Special Attention – Ever since the famed “Hawthorne Effect” was discovered in the 1920’s, industrial psychologists have understood the need to make workers feel special in order to produce superior results. This ultimately suggests changing the physical surroundings of the workers thereby demonstrating you are investing in them. By introducing such things as a new office environment or new tools and equipment, workers tend to believe they are being pampered by management in order to produce something special. It also contributes to creating an “esprit de corps” among the workers. For example, the Navy SEALS as opposed to a regular seaman, or the Army’s Green Beret as opposed to a regular soldier. In other words, the manager is ultimately saying, “You’re special, now act like it,” and this can be a powerful stimulus. Doing nothing more than simply assigning a worker to a “special project” can do wonders for the person’s ego. It conveys a message that the boss recognizes the worker’s abilities.

Managing from the Bottom-Up – This is based on the belief that workers must live a meaningful and productive life which is derived from the principles of Theory Y. Unlike Theory X “micromanagement” where the worker is assumed to be lazy, “Managing from the Bottom-Up” assumes the worker is intelligent and should be empowered to make more decisions about their assignments. Management still provides direction in terms of assignments and objectives, but the individual worker assumes responsibility for planning, estimating and scheduling the work effort, and seeing it through to successful completion. Managers are not abdicating control, quite the contrary. Instead, the worker assumes responsibility for supervising themselves and reports to management on progress. This means the manager spends less time supervising, and more time managing. The only hindrance here is that some workers shutter at being held accountable for their actions and prefer others telling them what to do, thereby enabling an excuse when something goes awry. However, we have found true “professional” workers prefer the “Managing from the Bottom-Up” approach as opposed to “micromanagement.”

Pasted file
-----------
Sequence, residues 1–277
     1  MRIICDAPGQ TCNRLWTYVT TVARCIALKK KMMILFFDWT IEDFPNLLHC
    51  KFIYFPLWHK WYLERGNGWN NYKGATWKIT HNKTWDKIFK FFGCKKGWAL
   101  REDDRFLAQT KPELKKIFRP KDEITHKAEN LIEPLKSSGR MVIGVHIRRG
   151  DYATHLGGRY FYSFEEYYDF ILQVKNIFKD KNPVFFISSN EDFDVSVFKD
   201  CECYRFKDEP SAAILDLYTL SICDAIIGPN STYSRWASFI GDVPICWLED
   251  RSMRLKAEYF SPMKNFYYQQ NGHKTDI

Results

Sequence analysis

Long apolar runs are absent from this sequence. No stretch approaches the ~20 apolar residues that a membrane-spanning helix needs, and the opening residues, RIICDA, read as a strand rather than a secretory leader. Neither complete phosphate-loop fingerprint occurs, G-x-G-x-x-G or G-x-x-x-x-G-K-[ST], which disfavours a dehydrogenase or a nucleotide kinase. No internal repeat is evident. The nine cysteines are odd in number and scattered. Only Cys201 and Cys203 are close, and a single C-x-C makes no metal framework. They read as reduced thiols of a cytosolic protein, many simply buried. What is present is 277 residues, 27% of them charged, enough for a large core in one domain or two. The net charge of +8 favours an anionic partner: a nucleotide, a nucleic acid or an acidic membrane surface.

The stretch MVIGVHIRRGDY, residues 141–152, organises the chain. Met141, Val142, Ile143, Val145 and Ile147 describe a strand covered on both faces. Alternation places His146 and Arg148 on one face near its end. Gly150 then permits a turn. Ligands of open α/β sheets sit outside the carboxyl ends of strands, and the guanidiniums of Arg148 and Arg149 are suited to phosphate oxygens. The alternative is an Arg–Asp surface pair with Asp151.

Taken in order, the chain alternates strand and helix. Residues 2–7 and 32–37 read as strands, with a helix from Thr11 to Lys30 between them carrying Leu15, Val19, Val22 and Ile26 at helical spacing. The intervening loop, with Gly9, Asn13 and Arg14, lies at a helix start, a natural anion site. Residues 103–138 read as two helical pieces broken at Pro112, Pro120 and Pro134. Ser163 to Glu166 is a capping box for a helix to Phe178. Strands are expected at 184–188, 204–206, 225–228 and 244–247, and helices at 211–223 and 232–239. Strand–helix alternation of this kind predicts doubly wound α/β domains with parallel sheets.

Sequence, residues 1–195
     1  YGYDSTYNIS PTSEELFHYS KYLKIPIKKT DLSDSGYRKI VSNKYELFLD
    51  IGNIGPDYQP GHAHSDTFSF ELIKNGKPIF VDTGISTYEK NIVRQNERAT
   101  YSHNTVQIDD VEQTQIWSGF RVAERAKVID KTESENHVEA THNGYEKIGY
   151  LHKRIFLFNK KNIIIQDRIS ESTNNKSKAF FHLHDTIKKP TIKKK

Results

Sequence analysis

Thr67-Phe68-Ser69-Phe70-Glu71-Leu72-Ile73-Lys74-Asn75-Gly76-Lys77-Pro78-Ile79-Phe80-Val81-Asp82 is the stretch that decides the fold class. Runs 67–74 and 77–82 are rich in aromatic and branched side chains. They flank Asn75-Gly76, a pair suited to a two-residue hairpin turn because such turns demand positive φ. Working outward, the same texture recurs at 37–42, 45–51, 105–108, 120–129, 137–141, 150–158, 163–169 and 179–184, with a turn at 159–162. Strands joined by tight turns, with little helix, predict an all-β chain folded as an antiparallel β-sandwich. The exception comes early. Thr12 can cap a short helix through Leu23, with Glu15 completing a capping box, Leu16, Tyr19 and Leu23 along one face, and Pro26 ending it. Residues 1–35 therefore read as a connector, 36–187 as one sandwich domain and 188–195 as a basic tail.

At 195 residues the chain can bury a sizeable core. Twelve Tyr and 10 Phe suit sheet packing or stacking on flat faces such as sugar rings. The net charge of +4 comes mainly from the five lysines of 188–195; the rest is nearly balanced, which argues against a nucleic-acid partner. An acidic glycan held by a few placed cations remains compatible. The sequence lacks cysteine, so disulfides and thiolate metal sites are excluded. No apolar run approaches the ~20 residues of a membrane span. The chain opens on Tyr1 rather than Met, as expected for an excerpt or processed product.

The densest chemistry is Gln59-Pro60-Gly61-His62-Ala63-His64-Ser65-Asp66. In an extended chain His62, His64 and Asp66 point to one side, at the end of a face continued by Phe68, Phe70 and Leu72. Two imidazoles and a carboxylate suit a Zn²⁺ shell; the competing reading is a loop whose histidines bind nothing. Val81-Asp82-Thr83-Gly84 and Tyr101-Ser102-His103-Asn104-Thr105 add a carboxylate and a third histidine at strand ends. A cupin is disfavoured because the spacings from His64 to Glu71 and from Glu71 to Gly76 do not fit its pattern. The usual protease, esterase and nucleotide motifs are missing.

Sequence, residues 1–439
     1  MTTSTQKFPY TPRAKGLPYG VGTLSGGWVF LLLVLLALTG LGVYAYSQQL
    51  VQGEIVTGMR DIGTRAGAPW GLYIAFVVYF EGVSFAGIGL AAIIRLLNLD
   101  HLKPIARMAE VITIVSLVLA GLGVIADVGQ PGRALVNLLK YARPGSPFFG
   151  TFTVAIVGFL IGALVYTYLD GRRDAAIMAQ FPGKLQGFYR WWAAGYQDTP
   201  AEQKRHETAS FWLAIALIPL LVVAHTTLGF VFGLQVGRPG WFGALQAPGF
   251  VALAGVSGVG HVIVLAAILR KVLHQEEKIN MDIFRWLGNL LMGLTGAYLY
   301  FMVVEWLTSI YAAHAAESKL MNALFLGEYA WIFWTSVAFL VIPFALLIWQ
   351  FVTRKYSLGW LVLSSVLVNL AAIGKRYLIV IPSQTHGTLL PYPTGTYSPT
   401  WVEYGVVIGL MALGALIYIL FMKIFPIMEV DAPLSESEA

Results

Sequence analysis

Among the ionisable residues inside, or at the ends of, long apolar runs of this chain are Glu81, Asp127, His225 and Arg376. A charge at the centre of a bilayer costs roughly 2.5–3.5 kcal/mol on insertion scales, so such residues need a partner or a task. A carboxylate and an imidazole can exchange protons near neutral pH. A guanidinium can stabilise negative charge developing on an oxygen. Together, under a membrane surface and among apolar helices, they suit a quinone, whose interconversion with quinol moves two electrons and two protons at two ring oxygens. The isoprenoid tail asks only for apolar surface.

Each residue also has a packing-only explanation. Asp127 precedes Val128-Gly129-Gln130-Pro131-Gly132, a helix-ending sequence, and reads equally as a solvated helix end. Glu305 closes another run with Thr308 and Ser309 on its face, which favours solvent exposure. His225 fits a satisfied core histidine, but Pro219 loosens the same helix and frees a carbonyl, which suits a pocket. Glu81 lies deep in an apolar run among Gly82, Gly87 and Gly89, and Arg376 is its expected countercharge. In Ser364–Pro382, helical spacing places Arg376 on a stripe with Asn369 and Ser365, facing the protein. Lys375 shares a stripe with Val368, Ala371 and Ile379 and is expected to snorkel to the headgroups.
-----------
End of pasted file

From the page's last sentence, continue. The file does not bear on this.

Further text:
Again, there is no one motivational technique that can be used universally, primarily because the manager must consider such things as the worker’s intelligence, sense of pride, greed, fear, self-respect, family, security, and work ethic. In all likelihood, the intuitive manager will try to motivate his workers using a compendium of techniques, not just one. If you are comfortable giving pep talks, great, but realize it will not motivate everybody. Different strokes for different folks.